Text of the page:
The smell of rain: what is petrichor?

pet·ri·chor
ˈpeˌtrīkôr/
noun
  1. a pleasant smell that frequently accompanies the first rain after a long period of warm, dry weather.
    “other than the petrichor emanating from the rapidly drying grass, there was not a trace of evidence that it had rained at all”

After the goofy first 40 seconds, this video lists two things that make up the ‘smell of rain’: ozone and petrichor.

Petrichor is the decomposing plant matter that rain causes to erupt from the soil. This same substance is – supposedly – a signal to plants that the soil has been dry and will prevent seeds from sprouting.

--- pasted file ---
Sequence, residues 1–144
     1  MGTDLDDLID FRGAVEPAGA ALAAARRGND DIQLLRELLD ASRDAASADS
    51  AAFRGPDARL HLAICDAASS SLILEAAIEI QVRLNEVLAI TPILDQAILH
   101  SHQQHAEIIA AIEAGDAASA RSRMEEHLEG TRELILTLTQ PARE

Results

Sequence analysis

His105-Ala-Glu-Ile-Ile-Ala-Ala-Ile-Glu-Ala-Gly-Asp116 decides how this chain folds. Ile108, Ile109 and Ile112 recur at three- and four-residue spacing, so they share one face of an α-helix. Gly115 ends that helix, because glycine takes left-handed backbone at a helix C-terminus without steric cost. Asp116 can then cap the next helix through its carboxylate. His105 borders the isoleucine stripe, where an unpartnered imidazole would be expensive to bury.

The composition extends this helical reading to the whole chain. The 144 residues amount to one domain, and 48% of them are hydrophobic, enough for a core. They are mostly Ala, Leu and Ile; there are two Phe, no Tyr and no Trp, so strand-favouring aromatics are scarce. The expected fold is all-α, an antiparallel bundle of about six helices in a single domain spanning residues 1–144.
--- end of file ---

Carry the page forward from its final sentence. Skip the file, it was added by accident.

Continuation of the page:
But when I went looking for more scholarly information on petrichor I found it…practically non-existent. There were no articles that mentioned it in the 2000s. There was one article that mentioned it in the 1990s. There were a few articles that mentioned referred to a specific article from the 70s. In fact, the were only two original research articles that I could find investigating petrichor as a scientific concept, both by the same two authors: IJ Bear and RG Thomas. These are “Petrichor and Plant Growth” and “Genesis of Petrichor“. As far as I can tell, none of the research was followed up on or replicated though the idea has occasionally been taken up in other contexts.

Petrichor clearly exists as a smell, but it turns out that there is precious little knowledge of what it actually is.

[via Ed Yong]

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